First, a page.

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Sirwan Afifi

Stories from a web developer.

© 2015. Sirwan Afifi All rights reserved.

Delegates in C#

Lately I have been studying some topics in C# in order to improve myself. I think Delegate is one of those topics which is kinda difficult for beginners to initiate with. So, in order to make it clear how it works, I’m going to make some explanations in this post.

What are Delegates?

Delegate was introduced in C# 1. Think of it as a simply being a placeholder for functions that’ll be called at some point in time. Assume you want to declare a variable that is a reference to a specific method. In this case, the variable encapsulates some executable code and you can invoke the variable just like an actual method. In doing so, we need to create a delegate

Defining a Delegate

Delegates are created using delegate keyword along with the function signature:

delegate int Sum(int a, int b);

As you can see we are defining a delegate called Sum that is compatible with any method with an int return type with two parameters. Actually we defined a type that we can use to create variables and point those variables to methods that have the same signature and same return type. The type defenition for a delegate describes the method that we want to call:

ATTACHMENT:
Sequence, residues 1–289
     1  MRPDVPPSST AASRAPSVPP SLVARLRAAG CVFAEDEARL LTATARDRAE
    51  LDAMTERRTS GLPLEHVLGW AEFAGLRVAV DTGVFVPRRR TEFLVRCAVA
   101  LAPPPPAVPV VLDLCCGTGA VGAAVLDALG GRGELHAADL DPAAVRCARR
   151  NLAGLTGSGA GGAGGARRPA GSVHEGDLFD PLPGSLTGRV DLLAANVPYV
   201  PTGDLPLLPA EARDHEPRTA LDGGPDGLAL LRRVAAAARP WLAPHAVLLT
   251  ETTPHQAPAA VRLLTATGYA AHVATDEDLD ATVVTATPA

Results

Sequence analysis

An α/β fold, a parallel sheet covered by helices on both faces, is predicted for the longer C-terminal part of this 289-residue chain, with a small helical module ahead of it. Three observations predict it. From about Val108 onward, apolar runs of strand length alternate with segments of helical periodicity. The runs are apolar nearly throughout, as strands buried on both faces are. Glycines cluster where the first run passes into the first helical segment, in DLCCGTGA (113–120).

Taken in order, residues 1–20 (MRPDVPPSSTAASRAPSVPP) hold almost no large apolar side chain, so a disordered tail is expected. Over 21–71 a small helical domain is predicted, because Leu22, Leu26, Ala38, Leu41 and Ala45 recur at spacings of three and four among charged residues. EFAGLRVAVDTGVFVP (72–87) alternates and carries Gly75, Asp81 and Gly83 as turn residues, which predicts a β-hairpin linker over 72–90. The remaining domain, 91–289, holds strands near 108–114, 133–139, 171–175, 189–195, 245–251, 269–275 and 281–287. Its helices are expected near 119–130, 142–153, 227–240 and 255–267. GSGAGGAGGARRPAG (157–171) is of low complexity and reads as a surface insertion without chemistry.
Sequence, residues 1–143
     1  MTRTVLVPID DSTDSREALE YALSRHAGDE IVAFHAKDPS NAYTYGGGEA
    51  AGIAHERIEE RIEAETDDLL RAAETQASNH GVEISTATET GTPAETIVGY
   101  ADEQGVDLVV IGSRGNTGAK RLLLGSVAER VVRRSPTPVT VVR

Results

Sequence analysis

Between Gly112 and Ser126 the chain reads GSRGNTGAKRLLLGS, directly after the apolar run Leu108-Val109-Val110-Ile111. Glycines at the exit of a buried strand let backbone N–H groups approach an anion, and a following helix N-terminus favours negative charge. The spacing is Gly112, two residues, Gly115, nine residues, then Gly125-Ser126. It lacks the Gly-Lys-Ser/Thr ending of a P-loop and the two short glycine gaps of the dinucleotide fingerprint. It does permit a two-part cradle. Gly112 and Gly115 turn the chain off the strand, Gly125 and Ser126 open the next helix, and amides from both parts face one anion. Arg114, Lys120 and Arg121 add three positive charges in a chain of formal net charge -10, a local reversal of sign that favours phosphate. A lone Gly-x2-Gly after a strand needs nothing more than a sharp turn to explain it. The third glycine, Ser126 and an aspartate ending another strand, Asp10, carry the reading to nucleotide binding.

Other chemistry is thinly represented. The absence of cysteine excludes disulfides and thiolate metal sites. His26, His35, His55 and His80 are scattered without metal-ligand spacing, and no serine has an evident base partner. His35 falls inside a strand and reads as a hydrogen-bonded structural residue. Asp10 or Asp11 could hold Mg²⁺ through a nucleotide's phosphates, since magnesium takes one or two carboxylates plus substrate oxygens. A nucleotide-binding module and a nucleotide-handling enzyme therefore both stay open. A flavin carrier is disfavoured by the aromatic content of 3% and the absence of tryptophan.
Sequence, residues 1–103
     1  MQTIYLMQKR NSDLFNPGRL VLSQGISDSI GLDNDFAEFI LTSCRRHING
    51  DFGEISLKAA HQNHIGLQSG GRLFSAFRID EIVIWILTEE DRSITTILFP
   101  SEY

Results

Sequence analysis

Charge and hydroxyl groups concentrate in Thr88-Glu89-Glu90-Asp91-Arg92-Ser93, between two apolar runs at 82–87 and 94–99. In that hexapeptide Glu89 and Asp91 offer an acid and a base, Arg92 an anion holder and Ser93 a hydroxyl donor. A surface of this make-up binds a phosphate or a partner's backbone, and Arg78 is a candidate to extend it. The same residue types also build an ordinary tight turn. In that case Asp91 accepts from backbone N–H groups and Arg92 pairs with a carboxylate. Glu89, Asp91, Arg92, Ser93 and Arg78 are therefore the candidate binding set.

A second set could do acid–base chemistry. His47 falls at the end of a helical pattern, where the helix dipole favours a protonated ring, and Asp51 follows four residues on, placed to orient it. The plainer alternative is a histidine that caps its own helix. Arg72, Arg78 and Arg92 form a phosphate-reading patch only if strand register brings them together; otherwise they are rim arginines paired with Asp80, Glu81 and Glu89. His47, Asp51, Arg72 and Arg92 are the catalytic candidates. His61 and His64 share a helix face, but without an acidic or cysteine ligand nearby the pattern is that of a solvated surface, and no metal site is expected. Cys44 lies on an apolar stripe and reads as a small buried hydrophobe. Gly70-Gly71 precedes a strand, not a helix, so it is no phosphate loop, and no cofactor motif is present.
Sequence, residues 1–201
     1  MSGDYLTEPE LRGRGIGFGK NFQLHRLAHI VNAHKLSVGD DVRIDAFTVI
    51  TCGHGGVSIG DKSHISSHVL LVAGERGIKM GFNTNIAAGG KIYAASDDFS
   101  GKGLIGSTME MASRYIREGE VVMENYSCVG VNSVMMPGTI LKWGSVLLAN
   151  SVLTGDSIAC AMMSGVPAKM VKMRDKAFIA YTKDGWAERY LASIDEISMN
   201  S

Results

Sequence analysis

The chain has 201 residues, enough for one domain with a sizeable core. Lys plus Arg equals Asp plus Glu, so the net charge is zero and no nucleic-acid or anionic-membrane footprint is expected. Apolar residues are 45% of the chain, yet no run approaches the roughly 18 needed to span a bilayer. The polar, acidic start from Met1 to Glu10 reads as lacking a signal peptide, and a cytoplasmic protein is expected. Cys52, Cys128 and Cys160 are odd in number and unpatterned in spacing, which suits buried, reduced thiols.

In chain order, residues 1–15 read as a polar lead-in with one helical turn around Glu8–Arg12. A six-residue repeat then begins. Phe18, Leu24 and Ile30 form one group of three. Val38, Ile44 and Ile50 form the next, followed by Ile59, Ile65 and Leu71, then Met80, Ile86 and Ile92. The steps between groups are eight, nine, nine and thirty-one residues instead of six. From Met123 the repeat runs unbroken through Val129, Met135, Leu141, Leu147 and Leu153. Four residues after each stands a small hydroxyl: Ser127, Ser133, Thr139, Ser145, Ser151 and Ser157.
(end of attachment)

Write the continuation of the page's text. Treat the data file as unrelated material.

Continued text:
int Add(int a, int b) => a + b;

Now we can assign a method to the delegate variable. This assignment creates a delegate instance:

Sum s = Add;

Now we can invoke the delegate instance in the same way as a method:

int result = s(5, 6);

Advantages of Delegate

Real World example

Suppose that you want to implement something like a Repeater control in your ASP.NET MVC application, As you probably know a Repeater is(was) server side databound control in ASP.NET WebForm for displaying information, It had a lot of flexability becuase you had complete control over the your markup.

public static class Helpers
{
	public delegate HelperResult ItemTemplate<T>(T input);

	public static HelperResult Repeater<T>(this HtmlHelper html,
	  IEnumerable<T> items,
	  ItemTemplate<T> itemTemplate,
	  ItemTemplate<T> alternatingitemTemplate = null)
	{
		return new HelperResult(writer =>
		{
			int i = 0;
			foreach (var item in items)
			{
				var func = i % 2 == 0 ? itemTemplate : alternatingitemTemplate;
				func(item).WriteTo(writer);
				i++;
			}
		});
	}
}

As you can see we emulated the ItemTemplate and AlternatingItemTemplate using a delegate. In this case user can pass the data and the data will be rendered inside the view. In this case the delegates act like callback.
The ItemTemplate delegate in our example can be replaced with Func delegate:

Func<T, HelperResult> itemTemplate,
Func<T, HelperResult> alternatingitemTemplate = null

Now we can use our helper inside any view:

<table>
    <tr>
        <td>Id</td>
        <td>Name</td>
    </tr>
    @Html.Repeater(Model, @<tr>
	    <td>@item.Title</td>
	    <td>@item.Price</td>
	</tr>, 
	@<tr class="alert-info">
	    <td>@item.Title</td>
	    <td>@item.Price</td>
    </tr>)
</table>

If you run the application you can see the result:

You can check out the GitHub repository for this post.